As a result of the violent living conditions facing many Mexicans in Philadelphia, the leaders of Juntos worked together with community participants to offer a series of workshops and trainings where Spanish-speaking immigrants could participate.  These workshops assisted immigrants in understanding the violence of the global economy and how this violence directly resulted in their impoverished living conditions in their countries of origin and in the United States.  A number of concrete actions have resulted from this analysis of power.  They include:


  • Juntos community leaders organized a “Public Action” in order to confront the Philadelphia Police Department for its lack of action on the behalf of Mexicans in South Philadelphia.  The Philadelphia Police Department has a long and soiled history of racism and ethnocentrism that is well-known to people of color in the city.  A core group of three Juntos leaders began to meet with the staff of Juntos to plan this event that would take place on a Sunday afternoon after mass at a local Catholic parish.  They invited the leaders of the Police Department, not to speak to them, rather to listen.  This event was attended by over 200 persons and well-organized.  The Police Department had no alternative but to agree to work with these Juntos leaders to improve services to the Mexicans.  Fabiola, one of the organizers of this event, commented that “this was a unique experience that people really enjoyed as they got a sense of the power potential they have when they work together.” 
  • A group of community leaders have begun to meet on Friday mornings to continue their training and knowledge building so that they can better serve as resources to their community. 

Aside from building leaders, this work aims to improve the quality of life for Mexicans living in Philadelphia.




Closely related to the work of power analysis, Juntos is committed to training leaders who will serve both the Mexican community in Philadelphia as well as their communities of origin when they return to México.  For example, Juntos serves as a bridge between Mexicans in Philadelphia and their communities of origin, primarily San Mateo Ozolco, Oyametepec, and Domingo Arenas.  The staff and leadership of Juntos work with participants on a variety of projects destined to improve the living conditions of the residents’ communities of origins.


One such project is to build a high school in the town of San Mateo Ozolco, in the Mexican state of Puebla.  Half of the original community of San Mateo is now residing in South Philadelphia[2] and many of these residents are young people who fled San Mateo because they did not see a future there.  The immigrants in Philadelphia decided that they wanted to raise funds to send home so that a high school could be built in their town with the hope that if young people could receive a high school education, they would not have to immigrate to the U.S.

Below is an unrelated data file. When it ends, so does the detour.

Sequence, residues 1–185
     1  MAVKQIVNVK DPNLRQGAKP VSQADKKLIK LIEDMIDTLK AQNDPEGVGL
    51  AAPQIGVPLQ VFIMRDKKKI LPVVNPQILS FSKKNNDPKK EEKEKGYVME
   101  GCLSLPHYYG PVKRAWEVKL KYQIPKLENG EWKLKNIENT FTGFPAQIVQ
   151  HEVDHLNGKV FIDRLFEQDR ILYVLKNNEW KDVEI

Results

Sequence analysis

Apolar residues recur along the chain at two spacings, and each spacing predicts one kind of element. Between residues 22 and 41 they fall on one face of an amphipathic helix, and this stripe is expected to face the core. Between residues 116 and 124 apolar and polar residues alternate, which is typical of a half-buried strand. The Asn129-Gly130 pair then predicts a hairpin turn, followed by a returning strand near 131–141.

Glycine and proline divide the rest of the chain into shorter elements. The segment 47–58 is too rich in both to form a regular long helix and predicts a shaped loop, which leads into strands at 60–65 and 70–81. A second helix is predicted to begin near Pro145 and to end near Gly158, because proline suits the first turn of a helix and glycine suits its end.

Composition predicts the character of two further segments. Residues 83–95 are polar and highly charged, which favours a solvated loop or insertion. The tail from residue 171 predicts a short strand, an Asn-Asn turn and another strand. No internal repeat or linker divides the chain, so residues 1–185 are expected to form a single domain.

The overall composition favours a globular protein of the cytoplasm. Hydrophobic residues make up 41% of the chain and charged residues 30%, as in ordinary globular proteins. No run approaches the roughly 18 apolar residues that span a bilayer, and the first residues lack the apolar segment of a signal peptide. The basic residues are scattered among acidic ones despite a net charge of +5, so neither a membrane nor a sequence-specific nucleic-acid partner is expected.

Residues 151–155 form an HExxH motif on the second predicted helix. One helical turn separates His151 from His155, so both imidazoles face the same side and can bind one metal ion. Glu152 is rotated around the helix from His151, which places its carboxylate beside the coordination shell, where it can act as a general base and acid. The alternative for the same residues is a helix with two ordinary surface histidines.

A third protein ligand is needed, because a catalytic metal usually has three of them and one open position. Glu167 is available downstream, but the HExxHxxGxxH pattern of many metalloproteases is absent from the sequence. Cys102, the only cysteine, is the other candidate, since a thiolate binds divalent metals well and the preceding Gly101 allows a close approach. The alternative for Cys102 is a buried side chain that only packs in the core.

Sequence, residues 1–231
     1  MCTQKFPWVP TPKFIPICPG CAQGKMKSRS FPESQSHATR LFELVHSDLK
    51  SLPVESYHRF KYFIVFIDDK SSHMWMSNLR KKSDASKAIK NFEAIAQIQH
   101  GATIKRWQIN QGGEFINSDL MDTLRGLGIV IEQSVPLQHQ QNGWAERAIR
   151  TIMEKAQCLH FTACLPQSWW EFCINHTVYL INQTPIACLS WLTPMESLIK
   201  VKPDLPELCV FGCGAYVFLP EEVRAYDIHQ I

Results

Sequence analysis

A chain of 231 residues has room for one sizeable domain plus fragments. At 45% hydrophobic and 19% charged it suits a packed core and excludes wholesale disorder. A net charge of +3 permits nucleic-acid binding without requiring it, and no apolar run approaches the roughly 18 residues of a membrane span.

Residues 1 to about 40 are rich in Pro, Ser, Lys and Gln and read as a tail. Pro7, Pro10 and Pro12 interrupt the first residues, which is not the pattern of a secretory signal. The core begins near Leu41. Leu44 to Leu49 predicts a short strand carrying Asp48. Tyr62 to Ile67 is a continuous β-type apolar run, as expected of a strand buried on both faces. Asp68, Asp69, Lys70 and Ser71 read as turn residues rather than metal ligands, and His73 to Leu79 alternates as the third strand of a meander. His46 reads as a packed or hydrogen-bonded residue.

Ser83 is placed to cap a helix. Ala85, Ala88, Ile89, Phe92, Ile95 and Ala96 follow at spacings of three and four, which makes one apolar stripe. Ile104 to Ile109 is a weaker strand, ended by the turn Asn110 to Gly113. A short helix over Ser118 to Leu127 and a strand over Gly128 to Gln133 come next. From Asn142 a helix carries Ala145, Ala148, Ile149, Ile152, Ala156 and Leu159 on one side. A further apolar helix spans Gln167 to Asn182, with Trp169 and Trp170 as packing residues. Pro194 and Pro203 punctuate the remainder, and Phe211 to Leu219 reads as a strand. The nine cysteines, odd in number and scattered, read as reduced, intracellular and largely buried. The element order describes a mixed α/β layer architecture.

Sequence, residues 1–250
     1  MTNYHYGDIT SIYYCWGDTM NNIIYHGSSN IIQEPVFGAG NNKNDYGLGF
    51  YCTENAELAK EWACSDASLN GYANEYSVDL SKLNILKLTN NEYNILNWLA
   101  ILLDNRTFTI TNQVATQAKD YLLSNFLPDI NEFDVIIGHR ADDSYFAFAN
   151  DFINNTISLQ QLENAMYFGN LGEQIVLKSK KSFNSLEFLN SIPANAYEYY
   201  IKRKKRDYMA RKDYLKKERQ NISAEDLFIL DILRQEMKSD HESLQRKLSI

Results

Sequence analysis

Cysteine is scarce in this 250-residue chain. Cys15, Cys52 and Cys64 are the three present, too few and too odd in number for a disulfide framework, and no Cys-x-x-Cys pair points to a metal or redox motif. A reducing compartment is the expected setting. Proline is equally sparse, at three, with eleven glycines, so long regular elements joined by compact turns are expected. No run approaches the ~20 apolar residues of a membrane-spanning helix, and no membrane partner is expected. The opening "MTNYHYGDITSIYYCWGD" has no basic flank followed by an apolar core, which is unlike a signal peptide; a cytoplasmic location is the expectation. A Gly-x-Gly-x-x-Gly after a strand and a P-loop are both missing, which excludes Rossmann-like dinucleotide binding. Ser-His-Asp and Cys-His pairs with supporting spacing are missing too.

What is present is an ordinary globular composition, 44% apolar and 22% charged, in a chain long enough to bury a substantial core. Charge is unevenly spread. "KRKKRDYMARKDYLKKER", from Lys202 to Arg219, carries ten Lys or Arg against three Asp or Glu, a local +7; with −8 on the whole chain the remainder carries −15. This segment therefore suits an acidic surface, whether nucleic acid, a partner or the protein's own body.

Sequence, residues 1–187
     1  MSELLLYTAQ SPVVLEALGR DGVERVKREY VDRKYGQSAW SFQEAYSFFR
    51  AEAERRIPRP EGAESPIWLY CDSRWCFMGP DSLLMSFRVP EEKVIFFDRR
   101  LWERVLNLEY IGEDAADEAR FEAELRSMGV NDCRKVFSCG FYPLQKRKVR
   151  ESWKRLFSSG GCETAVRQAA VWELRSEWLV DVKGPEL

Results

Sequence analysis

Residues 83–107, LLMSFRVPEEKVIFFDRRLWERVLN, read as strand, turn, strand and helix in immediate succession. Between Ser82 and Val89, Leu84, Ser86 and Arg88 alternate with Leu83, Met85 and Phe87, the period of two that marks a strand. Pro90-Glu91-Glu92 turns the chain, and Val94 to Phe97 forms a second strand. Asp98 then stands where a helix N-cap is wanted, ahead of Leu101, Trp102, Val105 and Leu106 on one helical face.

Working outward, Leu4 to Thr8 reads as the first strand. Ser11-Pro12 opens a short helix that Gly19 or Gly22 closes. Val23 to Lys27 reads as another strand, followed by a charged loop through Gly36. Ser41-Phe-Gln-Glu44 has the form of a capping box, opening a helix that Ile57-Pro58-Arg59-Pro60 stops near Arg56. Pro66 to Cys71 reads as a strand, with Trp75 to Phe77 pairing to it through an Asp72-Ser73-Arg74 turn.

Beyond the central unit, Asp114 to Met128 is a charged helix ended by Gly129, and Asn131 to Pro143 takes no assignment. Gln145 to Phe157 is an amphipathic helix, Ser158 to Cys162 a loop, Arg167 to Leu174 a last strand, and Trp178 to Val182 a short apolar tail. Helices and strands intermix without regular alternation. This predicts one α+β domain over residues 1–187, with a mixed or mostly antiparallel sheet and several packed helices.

Another project is looking at issues related to water in the three Mexican towns of San Mateo, Oyametepec and Domingo Arenas.  All three of these towns suffer from water insecurity and the potential of their water source being privatized.  The human right to water, a necessary ingredient to food and health, both human rights according to the United Nations Universal  Declaration of Human Rights, is being contested in these towns.  Some leaders of these towns who have participated in training and formation through Juntos are now returning to use their skills in power analysis and organizing to work with their communities.


One additional project is to produce a video to be used as a teaching tool in México.  The focus of this video will be in having young immigrants talk about the difficulties they have faced in both entering and staying in the United States.  While Juntos leaders have no illusion that this video will significantly reduce immigration rates, they do hope that it will at least permit young people to embark on this journey with their eyes open.


One final project, which will begin in December, 2006, is the opening of a Juntos office in México.  Mario Ramírez, an organizer in Philadelphia, will return to México to begin this work whose mission is


to make more visible our struggle and to acquire the necessary power in order to achieve social justice. We want to turnaround the negative consequences of immigration and take advantage of the positives so that we can generate changes in our affected communities.




Juntos began as many community organizations begin – with an articulated need and people willing to work to meet that need.  The needs of the Mexican community are vast, and while Juntos cannot meet all of those needs, this small organization with an equally small budget is making great strides towards social justice for Mexicans both in Philadelphia and back in Mexico.  In just a few years Juntos has been able to establish a much-needed community center where Mexican leaders could meet to learn and organize, as well as carry out many activities and actions aimed at improving the lives of Mexicans.  It has done this despite the resistance of the “traditional” social service agencies who have felt that the work of Juntos is “too political.”  It serves as a model of how working together in a community people can not only get their individual needs met, they can make larger societal change happen.


Juntos  makes the saying by well-known Uruguayan writer Eduardo Galeano, “charity, vertical humiliates.  solidarity, horizontal, helps,”[3] come to life as ties of local and international solidarity are built and strengthened by its work.  Social workers could learn a great deal about how to bridge the false micro-macro dichotomy by working in solidarity with organizations like Juntos.



[1] While Juntos is primarily comprised of Mexican immigrants, there are other Latin
                American immigrants who also participate in these activities.


[2] The radio program The World, on PRI did a short story on the Mexicans from San   

                Mateo.  It can be listened to at


[3] Galeano, E, Richtin, F & Salgado, S. (1997).  An Uncertain Grace:  Essays by Eduardo Galeano and Fred Ritchin.  NY, NY: Aperature.  

Another article on immigration is on the next page...

Spiral, Horizontal Line Spinning

BPD Update Online, Volume 29, No. 1, Winter, 2007

Spiral, Horizontal Line Spinning

The BPD Update Online web site is sponsored by Lyceum Books.